Coordinate with the field installation crews to deliver when and where the duct is needed and not too much before it is needed. Many general contractors have an inborn misunderstanding that if something sits on the jobsite in the same place for more than a few days, it should be moved, as if moving is real work. When duct is delivered too early at the job, the general contractor will ask to have it moved and then move it again. Each move is waste and runs the risk of damaging the product, causing more waste.

Ideally, we would deliver the duct to be installed the same or next day. Some contractors will cry “Impossible!” Yet you can find this done on jobs that are focusing on doing it lean. You can also find just-in-time delivery on jobs, usually in congested downtown areas, where lay-down space is severely limited and only the work that is scheduled to be installed within the next 24 hours can be moved in.

If you can deliver material just in time when it is urgent, you can do it any time. It is a matter of commitment and planning.

An additional benefit of not having too much duct on the jobsite is that it exposes problems. When the general contractor or another trade causes a change in weekly work plans you can see the impact more easily because excess material doesn’t hide it. If excess duct is available, the last-minute change is not noticed and the cause of the problem ignored. This enables the cause of the problem to happen again and again. If lack of duct inventory causes the crews to have to stop and determine the problem’s cause, effective countermeasures can be implemented instead of stopgap solutions. 

Ignoring problems

In construction, many people are too quick to do “work-arounds” and ignore the issue. Lean offers a different way of thinking: working to eliminate root causes. Less material inventory is better.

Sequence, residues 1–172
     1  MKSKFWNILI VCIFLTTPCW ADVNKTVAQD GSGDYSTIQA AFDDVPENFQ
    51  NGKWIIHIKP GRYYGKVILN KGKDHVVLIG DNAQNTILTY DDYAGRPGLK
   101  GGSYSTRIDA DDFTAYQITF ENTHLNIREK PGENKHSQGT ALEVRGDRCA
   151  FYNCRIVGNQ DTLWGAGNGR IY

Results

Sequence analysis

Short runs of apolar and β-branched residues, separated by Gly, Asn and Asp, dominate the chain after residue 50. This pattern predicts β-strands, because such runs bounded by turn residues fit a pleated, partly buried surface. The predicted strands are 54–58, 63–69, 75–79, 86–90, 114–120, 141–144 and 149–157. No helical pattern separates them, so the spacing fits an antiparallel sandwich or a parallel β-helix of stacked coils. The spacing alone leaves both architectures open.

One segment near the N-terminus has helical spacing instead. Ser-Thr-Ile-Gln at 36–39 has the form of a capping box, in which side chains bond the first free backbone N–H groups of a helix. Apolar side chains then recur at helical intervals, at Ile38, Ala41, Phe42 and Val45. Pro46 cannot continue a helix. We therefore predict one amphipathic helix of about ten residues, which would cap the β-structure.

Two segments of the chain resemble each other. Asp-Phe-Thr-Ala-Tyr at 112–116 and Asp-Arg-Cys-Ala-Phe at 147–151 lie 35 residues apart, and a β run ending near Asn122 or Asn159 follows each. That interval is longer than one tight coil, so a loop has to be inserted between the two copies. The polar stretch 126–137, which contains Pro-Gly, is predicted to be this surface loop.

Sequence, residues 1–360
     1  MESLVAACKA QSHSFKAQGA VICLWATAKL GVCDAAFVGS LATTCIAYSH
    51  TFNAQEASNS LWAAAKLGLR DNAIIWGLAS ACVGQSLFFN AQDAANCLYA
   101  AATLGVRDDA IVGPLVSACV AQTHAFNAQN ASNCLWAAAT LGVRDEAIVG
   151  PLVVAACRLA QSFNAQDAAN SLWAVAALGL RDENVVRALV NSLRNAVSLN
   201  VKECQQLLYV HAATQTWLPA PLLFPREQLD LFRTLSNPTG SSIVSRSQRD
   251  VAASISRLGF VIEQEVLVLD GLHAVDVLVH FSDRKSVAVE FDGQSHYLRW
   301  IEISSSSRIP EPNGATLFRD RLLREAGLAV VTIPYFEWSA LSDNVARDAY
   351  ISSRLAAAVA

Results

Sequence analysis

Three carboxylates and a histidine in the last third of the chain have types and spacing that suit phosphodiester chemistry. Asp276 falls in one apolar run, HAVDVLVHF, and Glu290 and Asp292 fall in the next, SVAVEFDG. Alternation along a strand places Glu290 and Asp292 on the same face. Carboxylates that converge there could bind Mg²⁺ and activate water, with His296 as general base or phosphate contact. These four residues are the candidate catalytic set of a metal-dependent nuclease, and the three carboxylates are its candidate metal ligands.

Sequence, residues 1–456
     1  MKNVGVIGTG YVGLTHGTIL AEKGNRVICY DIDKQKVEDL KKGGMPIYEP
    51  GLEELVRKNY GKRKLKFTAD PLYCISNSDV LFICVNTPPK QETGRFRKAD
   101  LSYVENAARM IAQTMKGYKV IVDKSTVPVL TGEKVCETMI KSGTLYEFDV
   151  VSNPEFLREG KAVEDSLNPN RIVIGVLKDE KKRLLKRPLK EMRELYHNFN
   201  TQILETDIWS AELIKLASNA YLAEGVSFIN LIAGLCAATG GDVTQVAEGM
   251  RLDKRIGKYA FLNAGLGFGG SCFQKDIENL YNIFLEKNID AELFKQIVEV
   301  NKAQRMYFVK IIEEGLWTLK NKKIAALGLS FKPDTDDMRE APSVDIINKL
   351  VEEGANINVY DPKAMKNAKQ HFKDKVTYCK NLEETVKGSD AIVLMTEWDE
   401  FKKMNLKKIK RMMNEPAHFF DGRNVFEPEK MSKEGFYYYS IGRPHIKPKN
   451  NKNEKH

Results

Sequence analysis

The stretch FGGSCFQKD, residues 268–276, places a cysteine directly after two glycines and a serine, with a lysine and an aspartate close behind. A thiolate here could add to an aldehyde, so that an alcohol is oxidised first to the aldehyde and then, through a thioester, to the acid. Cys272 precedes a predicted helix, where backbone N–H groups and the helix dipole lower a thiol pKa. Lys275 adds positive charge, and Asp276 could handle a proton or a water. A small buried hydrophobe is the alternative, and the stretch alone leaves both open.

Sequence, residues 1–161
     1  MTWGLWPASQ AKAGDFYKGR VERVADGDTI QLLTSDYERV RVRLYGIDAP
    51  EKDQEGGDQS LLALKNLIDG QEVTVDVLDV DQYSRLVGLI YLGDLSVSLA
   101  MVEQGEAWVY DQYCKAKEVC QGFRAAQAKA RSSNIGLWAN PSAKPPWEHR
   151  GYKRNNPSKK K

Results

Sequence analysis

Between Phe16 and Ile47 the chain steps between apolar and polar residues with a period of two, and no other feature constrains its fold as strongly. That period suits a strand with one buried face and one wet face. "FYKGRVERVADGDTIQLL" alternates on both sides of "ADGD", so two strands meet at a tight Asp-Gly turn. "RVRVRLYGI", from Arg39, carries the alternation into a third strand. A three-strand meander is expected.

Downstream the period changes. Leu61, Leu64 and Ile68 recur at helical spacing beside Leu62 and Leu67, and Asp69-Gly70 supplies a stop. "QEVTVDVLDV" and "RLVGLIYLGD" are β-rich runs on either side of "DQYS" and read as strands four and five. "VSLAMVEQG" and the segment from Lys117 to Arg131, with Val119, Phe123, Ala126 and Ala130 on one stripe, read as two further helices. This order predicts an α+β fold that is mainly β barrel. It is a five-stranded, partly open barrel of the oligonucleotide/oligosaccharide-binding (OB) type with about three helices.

Another don’t in duct fabrication is to not burn or shear metal for as many jobs as possible and hope that “pushing” it through the rest of the process works. In a lean shop, you want the work to flow and avoid having material waiting on tables or carts. You also want to minimize the number of times you handle - but not add value - to the metal. Burning several jobs and placing all the pieces on the tables is batch work and causes waste. There are many times these pieces are sorted depending on which ones go to the edger, roller or press break. Sorting is wasted motion and is to be minimized or stopped.

Instead, burn or shear one piece of duct at a time and move it directly through the complete fabrication process with little waiting as possible. The programming for metal-burning machines will seek to optimize cuts and may cut more than one piece of duct on one sheet of metal.

As the cut pieces are taken off the burn table, put all sides for one duct piece on one table and the other sides on another table. This may seem like you are under-loading the tables, but you don’t want “efficiency” because it is short lived. You want value to flow one duct piece at a time.

Keeping all sides of duct piece on one table and moving them through forming, insulating and assembly as fast as possible (no wait) is the goal. As this is done, it will also allow for duct-forming equipment to be moved closer together, avoiding waste in moving pieces around, and smaller tables and carts can be used, freeing space.

The glass is not half full or empty but overcapacity. Your duct fabrication and installation can be operated from a different view: a lean approach to become more value added to your customer with less waste.

Dennis Sowards is an Arizona-based industry consultant and guest writer for Snips. His company is Quality Support Services Inc. He can be reached at or (480) 835-1185.